"Influenced" does not have to modify anything. "Influenced" must merely agree with the subject.

Commas do not always indicate that words after the commas are modifiers.

Strip the sentence.

Austrian psychologist Sigmund Freud, whose insights into the workings of the human mind were instrumental in the development of modern psychoanalytical techniques, influenced many authors, including James Joyce and William Faulkner, whose novels experimented with stream of consciousness.

Freud ... influenced many authors.

That rendition is the core of the sentence. The verb is "influenced."

Non-essential modifiers.

Commas that set off relative clauses such as
whose insights... and
whose novels experimented with...
signal NON-essential information that can be removed without changing the core meaning of the sentence. Remove the information as I did.

"Including" also introduces non-essential information. Including is an exception to the present participle (verbING) rules: "including" is always followed by a noun or noun phrase; does not have to modify the preceding clause or immediately preceding noun; and is best thought of as such as, for example, or as well as. (In this case it means for example or such as.)
Remove the "including..." phrase.

When simple past and verbED (the past participle) are identical

-- beware of commas, which do not always signal that the word following a comma is a modifier

-- in this case, the simple past tense verb influenced is preceded by a comma, but it is a verb, not a modifier (not a verbED).

-- when we see a verb that ends in ED, check the subject: is the subject the doer of the action indicated by the verb-word that ends with "ED"? If the answer is yes, then the word at issue is a verb, not a participle.

The core of the sentence, as above:
Freud ... influenced many authors.

Subject: Freud
Verb, simple past tense: influenced
Direct objects of the verb: many authors

Hope that helps.
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Re: Austrian psychologist Sigmund Freud, whose insights into the workings  [#permalink]

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New post 07 Apr 2019, 12:26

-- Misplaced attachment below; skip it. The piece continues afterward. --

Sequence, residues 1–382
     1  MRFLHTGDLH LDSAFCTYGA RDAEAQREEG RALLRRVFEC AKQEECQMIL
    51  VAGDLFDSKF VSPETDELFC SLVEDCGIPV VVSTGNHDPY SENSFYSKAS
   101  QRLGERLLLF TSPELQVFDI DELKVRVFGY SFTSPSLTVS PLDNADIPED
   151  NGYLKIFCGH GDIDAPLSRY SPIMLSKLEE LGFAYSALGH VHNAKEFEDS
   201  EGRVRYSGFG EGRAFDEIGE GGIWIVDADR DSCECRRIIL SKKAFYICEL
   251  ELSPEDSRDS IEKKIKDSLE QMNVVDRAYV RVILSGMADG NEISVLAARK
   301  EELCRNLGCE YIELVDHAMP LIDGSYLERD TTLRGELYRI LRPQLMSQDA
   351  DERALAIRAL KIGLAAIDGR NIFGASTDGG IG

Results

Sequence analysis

generis GMATNinja

Can you help me understand the usage of "whose" in the options?

According to me, "whose" is referring to "many authors" and not to "William Faulkner"
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Re: Austrian psychologist Sigmund Freud, whose insights into the workings  [#permalink]

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New post 07 Apr 2019, 18:17
generis wrote:
"Including" also introduces non-essential information. Including is an exception to the present participle (verbING) rules: "including" is always followed by a noun or noun phrase; does not have to modify the preceding clause or noun; and is best thought of as such as, for example, or as well as. (In this case it means for example or such as.)


Hi, Can you please help me with any example where including is not modifying preceding clause or noun. ?
IMO, including always modifies preceding noun but not preceding clause.

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Re: Austrian psychologist Sigmund Freud, whose insights into the workings  [#permalink]

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New post 07 Apr 2019, 19:51
pikolo2510 wrote:
generis GMATNinja

Can you help me understand the usage of "whose" in the options?

According to me, "whose" is referring to "many authors" and not to "William Faulkner"

pikolo2510 , hmm. I am trying to figure out what underlies your reasoning.
Why would whose books "reach backwards" over the nearest logical nouns, namely, Joyce and Faulkner?
Why would that phrase reach back to "many authors"?

Whose can modify two nouns and whose modifies the nearest logical nouns

Whose is a possessive relative pronoun that refers to books written by Joyce and Faulkner.

Yes, the only truly essential information after the verb is "many authors."
The punctuation tells us so, and when we strip the sentence, as I did here,
our core sentence is Freud influenced many authors.

But nonessential information still follows the rules of grammar.

Whose modifies the books of Joyce and Faulkner.
Whose books, preceded by a comma, and modifying nonessential information, is itself nonessential.

• Although COMMA + INCLUDING introduces nonessential information . . .
"Nonessential" does not mean "not able to be modified."

We do not say,
"Okay, Joyce and Faulkner are set off by an including phrase with commas,
indicating that the information is nonessential.
That information could be removed without altering the core meaning.
Because that nonessential information could be removed, whatever follows
must refer to the information that cannot be removed: many authors." No. Three is no such rule.

Does the material I wrote in quotation marks capture the way you were reasoning?

As is the case with all relative pronouns, the noun that whose modifies should be as close as possible to whose.

In this case, whose refers to both Joyce and Faulkner — in particular,
to the novels that they wrote, the novels that "belonged" to them.